One of my favorite passages in Josephine Tey’s The Daughter of Time is this one:
He lay and thought about that England. The England over which the Wars of the Roses had been fought. A green, green England; with not a chimney-stack from Cumberland to Cornwall. An England still unhedged, with great forests alive with game, and wide marshes thick with wild-fowl. An England with the same small group of dwellings repeated every few miles in endless permutation: castle, church, and cottages; monastery, church, and cottages; manor, church, and cottages. The strips of cultivation round the cluster of dwellings, and beyond that the greenness. The unbroken greenness. The deep-rutted lanes that ran from group to group, mired to bog in the winter and white with dust in the summer; decorated with wild roses or red with hawthorn as the seasons came and went.
For thirty years, over this green uncrowded land, the Wars of the Roses had been fought. But it had been more of a blood feud than a war. A Montague and Capulet affair; of no great concern to the average Englishman. No one pushed in at your door to demand whether you were York or Lancaster and to haul you off to a concentration camp if your answer proved to be the wrong one for the occasion. It was a small concentrated war; almost a private party. They fought a battle in your lower meadow, and turned your kitchen into a dressing-station, and then moved off somewhere or other to fight a battle somewhere else, and a few weeks later you would hear what had happened at that battle, and you would have a family row about the result because your wife was probably Lancaster and you were perhaps York, and it was all rather like following rival football teams. No one persecuted you for being a Lancastrian or a Yorkist, any more than you would be persecuted for being an Arsenal fan or a Chelsea follower.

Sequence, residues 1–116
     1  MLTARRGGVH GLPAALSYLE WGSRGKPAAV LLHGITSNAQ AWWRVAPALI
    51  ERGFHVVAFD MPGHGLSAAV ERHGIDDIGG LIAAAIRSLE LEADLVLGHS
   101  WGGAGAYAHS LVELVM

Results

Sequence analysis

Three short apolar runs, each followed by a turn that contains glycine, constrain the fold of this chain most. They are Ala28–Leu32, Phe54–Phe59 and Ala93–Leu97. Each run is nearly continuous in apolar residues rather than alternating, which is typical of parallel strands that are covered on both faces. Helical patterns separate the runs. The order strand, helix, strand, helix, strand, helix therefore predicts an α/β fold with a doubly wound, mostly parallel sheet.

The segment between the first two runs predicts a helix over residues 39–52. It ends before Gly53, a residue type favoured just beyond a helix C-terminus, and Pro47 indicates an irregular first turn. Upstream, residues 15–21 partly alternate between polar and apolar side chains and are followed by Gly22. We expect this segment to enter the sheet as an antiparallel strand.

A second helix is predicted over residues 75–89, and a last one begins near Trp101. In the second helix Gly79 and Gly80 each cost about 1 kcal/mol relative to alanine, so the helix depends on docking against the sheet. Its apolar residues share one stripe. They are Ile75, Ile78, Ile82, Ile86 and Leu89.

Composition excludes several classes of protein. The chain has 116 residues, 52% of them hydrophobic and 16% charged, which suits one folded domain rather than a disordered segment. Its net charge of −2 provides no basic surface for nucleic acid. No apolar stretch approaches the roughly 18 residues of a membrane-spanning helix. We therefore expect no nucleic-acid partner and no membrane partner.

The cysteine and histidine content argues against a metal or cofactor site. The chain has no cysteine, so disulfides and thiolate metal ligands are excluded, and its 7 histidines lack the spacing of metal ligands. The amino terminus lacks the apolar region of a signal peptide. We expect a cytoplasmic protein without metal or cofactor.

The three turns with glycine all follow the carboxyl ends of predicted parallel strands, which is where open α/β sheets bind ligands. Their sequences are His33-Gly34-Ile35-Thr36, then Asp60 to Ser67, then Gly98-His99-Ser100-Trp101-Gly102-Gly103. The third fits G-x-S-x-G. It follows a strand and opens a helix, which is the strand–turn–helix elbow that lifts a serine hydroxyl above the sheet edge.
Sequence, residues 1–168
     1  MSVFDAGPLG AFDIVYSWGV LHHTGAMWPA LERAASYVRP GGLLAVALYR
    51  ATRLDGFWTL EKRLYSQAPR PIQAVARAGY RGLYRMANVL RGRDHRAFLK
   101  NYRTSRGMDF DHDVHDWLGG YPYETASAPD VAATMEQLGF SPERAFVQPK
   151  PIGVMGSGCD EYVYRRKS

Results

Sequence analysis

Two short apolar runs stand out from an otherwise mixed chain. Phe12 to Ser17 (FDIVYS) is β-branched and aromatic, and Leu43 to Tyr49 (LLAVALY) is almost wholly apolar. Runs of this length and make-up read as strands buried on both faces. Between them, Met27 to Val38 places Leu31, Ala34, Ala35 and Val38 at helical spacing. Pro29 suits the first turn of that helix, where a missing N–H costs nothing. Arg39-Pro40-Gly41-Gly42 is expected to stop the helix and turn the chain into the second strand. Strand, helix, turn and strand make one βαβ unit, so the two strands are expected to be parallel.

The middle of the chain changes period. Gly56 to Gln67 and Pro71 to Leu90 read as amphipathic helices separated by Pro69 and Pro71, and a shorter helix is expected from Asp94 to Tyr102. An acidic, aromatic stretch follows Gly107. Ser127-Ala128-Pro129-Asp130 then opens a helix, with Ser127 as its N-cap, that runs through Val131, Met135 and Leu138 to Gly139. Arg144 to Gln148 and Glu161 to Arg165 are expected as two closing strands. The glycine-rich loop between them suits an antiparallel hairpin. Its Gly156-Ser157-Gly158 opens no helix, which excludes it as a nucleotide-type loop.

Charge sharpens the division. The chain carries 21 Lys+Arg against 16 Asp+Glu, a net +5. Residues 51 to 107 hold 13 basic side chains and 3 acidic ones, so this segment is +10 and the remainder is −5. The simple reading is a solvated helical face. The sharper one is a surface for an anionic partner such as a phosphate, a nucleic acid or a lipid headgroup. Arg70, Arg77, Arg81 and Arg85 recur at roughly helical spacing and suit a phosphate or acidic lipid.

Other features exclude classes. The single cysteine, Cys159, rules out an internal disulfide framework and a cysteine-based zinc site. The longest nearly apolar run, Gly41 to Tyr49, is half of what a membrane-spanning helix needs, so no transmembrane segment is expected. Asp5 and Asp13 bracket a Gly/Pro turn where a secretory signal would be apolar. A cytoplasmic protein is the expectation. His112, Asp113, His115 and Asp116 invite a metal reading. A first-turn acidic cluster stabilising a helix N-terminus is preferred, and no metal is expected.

When Francis Fukuyama wrote The End of History, he was arguing that ideological struggle could end with the universalization of Western liberal democracy. Since then, debates about the book have understandably concentrated on this thesis, and whether liberal democracy is likely to become universal or is even ascendant in the regions in which it has heretofore prevailed. But a more fundamental question is perhaps whether, as jobs and churches and families shrink in size and importance in many people’s lives, we have diminishing reserves of life that are outside of History altogether; that fewer of us can be resolutely unconcerned, like the residents of the green, uncrowded (and no doubt imaginary) England in the passage above, with the great events going on around us, the to-and-fro of ideology and political power, and can pay attention most of all to what is outside and largely unaffected by them.
The greatest freedom is always the freedom not to care.